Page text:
II. Capitalist Revolution — transformation of industry, at first be means of simple cooperation and manufacture. Concentration of the means of production, hitherto scattered, into great workshops. As a consequence, their transformation from individual to social means of production — a transformation which does not, on the whole, affect the form of exchange. The old forms of appropriation remain in force. The capitalist appears. In his capacity as owner of the means of production, he also appropriates the products and turns them into commodities. Production has become a social act. Exchange and appropriation continue to be individual acts, the acts of individuals. The social product is appropriated by the individual capitalist. Fundamental contradiction, whence arise all the contradictions in which our present-day society moves, and which modern industry brings to light.
A. Severance of the producer from the means of production. Condemnation of the worker to wage-labor for life. Antagonism between the proletariat and the bourgeoisie.
B. Growing predominance and increasing effectiveness of the laws governing the production of commodities. Unbridled competition. Contradiction between socialized organization in the individual factory and social anarchy in the production as a whole.
C. On the one hand, perfecting of machinery, made by competition compulsory for each individual manufacturer, and complemented by a constantly growing displacement of laborers. Industrial reserve-army. On the other hand, unlimited extension of production, also compulsory under competition, for every manufacturer. On both sides, unheard-of development of productive forces, excess of supply over demand, over-production and products — excess there, of laborers, without employment and without means of existence. But these two levers of production and of social well-being are unable to work together, because the capitalist form of production prevents the productive forces from working and the products from circulating, unless they are first turned into capital — which their very superabundance prevents. The contradiction has grown into an absurdity. The mode of production rises in rebellion against the form of exchange.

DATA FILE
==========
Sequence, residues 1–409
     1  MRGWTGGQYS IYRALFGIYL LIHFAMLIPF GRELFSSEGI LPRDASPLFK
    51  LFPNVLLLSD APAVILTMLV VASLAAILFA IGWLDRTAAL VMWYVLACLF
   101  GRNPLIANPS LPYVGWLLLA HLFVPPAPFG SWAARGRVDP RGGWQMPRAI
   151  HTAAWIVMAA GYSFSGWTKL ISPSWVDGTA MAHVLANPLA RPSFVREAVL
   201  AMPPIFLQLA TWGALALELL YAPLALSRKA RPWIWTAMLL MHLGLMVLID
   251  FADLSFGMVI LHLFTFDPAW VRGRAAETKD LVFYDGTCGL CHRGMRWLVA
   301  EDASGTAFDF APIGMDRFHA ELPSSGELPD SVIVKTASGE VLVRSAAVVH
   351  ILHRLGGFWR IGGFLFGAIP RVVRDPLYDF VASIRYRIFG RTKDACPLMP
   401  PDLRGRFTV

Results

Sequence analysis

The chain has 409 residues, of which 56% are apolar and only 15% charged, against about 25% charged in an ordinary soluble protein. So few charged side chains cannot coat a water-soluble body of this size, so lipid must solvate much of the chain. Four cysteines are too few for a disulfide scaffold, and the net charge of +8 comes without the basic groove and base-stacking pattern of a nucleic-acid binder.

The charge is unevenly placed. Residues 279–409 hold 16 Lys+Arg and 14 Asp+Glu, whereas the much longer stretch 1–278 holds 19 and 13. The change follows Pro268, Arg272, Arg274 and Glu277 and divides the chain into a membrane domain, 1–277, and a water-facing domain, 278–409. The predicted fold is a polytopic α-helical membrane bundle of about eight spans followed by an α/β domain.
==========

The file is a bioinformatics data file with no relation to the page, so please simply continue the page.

D. Partial recognition of the social character of the productive forces forced upon the capitalists themselves. Taking over of the great institutions for production and communication, first by joint-stock companies, later in by trusts, then by the State. The bourgeoisie demonstrated to be a superfluous class. All its social functions are now performed by salaried employees.
Here, we meet again with Marx prediction of a solely endogenous breakdown of production based on exchange value, this time in Engels’ hand and, moreover, emphasized in the original, so that the prediction cannot be missed by the reader!
Twenty-three years after Marx’s prediction in the Grundrisse, alleged by Heinrich to be made in the heat of revolutionary exuberance, the self-same prediction by his collaborator in a text that was written specifically to acquaint people with Marx’s ideas.
Twenty-three years later.
Perhaps, we are to believe that somewhere between the 1850s and the publication of Capital, Marx changed his mind on his prediction of a solely endogenous breakdown of the mode of production, and then, between the publication of Capital and that of Engels’ book, Socialism, the latter went his own way and on this question and issued his rebuttal to the now less than exuberant Marx.
This, it seems to me, is the only way we can make sense of the debate over what has become known as the “transformation problem.”
Now, why would the transformation problem have anything to do with what I was just writing about?
Let me explain in my next post.